ATLANTIC CITY — What does Morris Bailey want?
The elusive owner of Resorts Casino Hotel has spent more than $179,000 trying to change Atlantic City from a government run by a nine-person ward council and an elected mayor to one run by five at-large council members and a professional city manager. Unions have kicked in an additional $42K.
But the question of who really runs Atlantic City is unlikely to be settled by the March 31 referendum, no matter which side wins, in a battle that has broken along confusing lines in this casino city that always seems to be under siege from outside and inside interests.
In this case, the Vote Yes group is dominated by the red “One Job Should Be Enough” shirted members of UNITE HERE Local 54, the storied Atlantic City casino workers union, which counts about 1,500 members who live in Atlantic City itself, 1,000 of whom are registered to vote.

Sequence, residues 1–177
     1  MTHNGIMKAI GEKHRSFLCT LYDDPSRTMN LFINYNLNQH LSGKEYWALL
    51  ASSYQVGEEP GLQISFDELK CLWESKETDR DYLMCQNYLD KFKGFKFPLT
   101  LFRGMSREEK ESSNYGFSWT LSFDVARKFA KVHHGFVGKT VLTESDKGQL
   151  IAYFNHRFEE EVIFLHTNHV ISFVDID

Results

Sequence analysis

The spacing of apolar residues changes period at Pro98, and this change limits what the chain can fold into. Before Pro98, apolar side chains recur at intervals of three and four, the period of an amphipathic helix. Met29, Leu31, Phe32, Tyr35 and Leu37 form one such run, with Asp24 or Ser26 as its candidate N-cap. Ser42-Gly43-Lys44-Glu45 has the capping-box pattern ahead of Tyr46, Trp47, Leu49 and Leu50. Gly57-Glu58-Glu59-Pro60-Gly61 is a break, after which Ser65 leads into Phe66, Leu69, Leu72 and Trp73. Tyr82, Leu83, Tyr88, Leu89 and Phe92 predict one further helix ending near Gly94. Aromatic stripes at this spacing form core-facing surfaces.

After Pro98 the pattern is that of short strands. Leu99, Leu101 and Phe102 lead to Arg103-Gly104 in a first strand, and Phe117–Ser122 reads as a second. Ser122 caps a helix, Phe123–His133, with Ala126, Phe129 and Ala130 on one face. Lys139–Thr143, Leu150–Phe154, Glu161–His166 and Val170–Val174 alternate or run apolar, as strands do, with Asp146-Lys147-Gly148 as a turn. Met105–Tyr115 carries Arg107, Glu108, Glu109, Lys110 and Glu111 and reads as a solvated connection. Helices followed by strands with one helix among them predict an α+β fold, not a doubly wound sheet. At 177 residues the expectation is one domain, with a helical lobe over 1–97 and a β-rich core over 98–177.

In a city accustomed to vocal Boardwalk protests and fearless strikes against billionaire casino owners, this referendum battle has these casino workers, many Hispanic, entering the civic conversation in unprecedented ways.
“It’s about time Local 54 got involved," said former Mayor Don Guardian, who has endorsed the change, putting him in opposition to current Mayor Marty Small, despite a former alliance in an unsuccessful battle to fight off a state takeover, now in its fourth year.
“They’re the breathing heart of Atlantic City,” he said.
Bob McDevitt, the president of Local 54 who has been spearheading the effort, along with Bailey and former State Sen. Ray Lesniak, who personally lent the effort $10,000, said his members are ready to make their voices heard in city government. The union’s PAC donated $10,000 to the Vote Yes PAC, “Atlantic City Residents for Good Government.”